Take the Low Road

Many years ago at the Bing Crosby Tournament at Pebble Beach, a fierce wind was blowing off the Pacific. On the short 7th, a mere 107 yard par three played downhill to a tiny green perched on a cliff, most players were taking sixes and sevens. Player after player watched in melancholy horror as their efforts were blown off course, missing the miniature target and being dashed on the rocks and swallowed up by the hungry ocean below.

Sam Snead, having seen the problem others were having, and trying to protect a good round, knew he had to find a way to keep the ball out of the wind. Since the tee is elevated some 50 feet above the green this was not an easy task. Snead answered the challenge by banging the ball down the cart path with his putter, and ending close to the edge of the green. Then he chipped on and made par as an amazed gallery watched in awe.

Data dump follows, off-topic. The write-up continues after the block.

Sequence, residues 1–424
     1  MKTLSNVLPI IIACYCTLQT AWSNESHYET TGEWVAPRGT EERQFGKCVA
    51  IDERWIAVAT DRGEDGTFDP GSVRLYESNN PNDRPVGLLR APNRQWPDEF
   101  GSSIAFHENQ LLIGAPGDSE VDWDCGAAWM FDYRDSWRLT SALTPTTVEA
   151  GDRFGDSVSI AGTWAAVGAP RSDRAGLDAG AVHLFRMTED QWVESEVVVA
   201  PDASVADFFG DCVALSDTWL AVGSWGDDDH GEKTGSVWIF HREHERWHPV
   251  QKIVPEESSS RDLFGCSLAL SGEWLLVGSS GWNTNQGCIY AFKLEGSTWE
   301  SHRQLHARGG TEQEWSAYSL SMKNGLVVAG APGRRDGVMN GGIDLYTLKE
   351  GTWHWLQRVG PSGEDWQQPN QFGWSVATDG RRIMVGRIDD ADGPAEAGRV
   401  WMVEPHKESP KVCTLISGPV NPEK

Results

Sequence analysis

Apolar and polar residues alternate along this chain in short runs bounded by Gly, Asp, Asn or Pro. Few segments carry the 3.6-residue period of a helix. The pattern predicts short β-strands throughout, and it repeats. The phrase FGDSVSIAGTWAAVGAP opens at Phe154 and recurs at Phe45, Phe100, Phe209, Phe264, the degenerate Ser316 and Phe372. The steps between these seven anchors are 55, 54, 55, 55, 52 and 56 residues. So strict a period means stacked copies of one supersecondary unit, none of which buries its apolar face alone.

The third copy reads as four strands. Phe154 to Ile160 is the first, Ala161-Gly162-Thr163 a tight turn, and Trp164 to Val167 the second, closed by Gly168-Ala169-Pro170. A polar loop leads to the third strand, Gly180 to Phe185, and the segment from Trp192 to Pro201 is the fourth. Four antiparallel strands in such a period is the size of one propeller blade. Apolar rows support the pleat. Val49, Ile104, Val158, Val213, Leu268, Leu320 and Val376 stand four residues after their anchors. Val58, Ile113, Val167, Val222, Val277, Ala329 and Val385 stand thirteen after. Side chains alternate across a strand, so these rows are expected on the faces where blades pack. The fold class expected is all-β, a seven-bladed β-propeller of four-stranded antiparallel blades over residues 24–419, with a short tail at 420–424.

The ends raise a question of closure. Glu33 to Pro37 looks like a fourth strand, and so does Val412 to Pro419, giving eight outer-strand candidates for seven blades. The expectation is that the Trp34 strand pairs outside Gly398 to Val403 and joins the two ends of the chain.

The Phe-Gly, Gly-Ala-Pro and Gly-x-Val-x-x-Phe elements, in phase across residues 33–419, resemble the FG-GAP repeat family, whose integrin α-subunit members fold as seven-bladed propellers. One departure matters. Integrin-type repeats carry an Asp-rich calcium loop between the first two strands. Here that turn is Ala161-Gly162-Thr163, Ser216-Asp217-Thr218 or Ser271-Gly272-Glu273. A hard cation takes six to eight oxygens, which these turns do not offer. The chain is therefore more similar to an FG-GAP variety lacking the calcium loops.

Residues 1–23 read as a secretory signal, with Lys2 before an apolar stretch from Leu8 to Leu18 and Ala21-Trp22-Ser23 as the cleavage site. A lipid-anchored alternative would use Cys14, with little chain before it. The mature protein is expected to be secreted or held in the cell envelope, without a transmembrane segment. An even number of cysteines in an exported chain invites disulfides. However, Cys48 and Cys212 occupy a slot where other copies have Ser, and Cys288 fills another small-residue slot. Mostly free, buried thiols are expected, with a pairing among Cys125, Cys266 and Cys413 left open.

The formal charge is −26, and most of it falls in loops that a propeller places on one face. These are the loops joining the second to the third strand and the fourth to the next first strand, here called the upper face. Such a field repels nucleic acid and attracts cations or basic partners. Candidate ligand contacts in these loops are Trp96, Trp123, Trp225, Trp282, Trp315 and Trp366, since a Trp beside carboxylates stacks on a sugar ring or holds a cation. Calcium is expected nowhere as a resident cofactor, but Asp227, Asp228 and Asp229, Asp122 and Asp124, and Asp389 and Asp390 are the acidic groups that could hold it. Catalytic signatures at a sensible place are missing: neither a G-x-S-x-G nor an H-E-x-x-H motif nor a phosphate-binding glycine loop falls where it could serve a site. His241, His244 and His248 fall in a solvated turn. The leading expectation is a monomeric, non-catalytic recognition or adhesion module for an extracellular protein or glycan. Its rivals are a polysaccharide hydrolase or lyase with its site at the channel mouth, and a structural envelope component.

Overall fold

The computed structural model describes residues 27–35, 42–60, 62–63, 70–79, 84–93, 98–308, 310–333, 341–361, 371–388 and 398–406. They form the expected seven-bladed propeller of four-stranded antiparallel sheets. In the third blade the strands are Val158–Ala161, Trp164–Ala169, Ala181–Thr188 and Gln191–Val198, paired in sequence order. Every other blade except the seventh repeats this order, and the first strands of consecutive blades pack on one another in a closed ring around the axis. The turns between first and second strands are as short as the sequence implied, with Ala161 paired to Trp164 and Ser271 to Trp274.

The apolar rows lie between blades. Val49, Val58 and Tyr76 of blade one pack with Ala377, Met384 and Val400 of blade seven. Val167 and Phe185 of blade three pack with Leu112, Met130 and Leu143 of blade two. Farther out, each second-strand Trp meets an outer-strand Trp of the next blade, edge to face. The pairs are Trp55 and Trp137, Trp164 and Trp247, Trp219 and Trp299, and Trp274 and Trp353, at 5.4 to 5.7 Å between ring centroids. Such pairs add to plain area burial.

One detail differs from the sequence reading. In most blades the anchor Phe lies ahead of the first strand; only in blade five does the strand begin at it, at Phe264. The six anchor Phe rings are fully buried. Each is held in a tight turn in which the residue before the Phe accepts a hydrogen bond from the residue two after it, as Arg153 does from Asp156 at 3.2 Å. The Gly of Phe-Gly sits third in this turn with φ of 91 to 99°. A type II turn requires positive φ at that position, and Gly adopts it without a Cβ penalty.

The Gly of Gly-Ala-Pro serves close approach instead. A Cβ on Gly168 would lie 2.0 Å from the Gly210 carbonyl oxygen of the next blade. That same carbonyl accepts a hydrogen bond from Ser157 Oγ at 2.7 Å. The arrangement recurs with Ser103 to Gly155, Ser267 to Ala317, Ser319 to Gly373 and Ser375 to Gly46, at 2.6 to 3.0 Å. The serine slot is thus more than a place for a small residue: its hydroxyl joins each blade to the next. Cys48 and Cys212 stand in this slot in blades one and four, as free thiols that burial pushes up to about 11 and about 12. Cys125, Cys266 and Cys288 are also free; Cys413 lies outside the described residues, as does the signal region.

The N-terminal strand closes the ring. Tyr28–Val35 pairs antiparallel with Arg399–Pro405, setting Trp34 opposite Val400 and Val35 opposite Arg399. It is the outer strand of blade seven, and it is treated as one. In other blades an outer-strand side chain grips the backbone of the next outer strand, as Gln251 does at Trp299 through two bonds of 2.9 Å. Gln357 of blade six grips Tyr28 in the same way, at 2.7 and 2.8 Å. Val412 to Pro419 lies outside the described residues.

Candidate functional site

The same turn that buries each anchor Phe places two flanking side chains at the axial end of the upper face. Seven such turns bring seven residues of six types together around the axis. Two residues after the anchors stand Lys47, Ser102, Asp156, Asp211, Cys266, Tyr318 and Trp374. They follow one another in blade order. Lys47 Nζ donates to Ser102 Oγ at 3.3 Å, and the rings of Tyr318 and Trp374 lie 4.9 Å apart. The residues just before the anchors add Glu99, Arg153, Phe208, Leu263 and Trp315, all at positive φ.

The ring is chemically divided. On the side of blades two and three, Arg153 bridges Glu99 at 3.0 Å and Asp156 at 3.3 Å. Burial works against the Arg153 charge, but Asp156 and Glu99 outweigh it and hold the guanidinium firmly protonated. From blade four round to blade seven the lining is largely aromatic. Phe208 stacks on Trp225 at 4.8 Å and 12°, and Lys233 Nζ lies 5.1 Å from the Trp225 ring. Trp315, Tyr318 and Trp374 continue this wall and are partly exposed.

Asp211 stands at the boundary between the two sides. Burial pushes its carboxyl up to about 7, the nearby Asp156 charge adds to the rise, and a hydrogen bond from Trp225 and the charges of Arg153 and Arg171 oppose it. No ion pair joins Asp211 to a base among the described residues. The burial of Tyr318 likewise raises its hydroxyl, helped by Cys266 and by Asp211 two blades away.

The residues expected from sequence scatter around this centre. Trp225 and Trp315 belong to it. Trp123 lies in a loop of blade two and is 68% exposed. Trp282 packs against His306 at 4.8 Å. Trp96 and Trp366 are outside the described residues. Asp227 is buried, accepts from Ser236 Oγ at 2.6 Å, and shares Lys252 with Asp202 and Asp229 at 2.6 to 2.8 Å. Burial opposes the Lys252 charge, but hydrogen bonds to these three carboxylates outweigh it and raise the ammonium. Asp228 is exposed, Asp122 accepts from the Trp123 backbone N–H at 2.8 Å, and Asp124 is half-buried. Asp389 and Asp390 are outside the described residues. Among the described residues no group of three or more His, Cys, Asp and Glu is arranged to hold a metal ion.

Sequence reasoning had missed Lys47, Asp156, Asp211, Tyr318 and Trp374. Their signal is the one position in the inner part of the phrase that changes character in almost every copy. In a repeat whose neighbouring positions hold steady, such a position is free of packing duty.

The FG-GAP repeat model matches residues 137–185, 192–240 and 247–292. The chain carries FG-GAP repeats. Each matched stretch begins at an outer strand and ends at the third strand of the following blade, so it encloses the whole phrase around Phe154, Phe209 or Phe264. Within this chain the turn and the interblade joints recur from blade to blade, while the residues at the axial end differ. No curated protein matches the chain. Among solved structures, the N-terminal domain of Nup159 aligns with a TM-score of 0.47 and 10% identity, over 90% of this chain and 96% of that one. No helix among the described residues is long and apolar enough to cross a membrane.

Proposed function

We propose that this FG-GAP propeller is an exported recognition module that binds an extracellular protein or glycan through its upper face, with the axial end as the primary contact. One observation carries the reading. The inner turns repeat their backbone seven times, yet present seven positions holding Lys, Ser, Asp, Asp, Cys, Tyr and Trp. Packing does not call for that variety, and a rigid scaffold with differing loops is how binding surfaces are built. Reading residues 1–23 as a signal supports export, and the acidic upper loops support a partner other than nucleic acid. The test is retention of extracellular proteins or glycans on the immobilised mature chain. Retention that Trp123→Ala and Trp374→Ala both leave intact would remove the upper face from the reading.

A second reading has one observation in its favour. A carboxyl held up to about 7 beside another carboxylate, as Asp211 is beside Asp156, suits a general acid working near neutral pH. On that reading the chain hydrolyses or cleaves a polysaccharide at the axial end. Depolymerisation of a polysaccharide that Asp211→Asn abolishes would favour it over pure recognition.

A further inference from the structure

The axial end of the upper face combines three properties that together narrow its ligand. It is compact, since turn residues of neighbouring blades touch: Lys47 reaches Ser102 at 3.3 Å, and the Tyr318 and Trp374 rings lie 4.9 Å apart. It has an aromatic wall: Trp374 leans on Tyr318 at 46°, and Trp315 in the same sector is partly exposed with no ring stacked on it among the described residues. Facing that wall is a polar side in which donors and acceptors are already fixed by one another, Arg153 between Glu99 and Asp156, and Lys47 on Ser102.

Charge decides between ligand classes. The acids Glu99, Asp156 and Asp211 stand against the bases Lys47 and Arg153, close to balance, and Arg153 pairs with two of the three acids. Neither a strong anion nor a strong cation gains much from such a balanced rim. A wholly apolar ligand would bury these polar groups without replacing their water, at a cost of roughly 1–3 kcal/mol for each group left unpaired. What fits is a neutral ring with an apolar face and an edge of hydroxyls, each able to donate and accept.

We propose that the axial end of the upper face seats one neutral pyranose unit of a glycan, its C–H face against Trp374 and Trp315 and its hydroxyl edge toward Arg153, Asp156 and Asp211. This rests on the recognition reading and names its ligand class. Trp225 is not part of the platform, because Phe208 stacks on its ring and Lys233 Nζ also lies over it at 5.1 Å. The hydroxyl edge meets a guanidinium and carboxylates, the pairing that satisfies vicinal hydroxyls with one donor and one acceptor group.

In another time and place, Johnny Miller hit his drive through the fairway and into a small clump of trees. His ball came to rest next to a large tree trunk giving him no room to swing. He also used his putter to hit the ball left-handed through a tiny gap in the trees some 10 or 12 yards in front of him. The ball took off like a rocket and flew 160 yards, pitching just past the pin and actually backing up five or six feet, leaving Miller a "tap-in" birdie putt.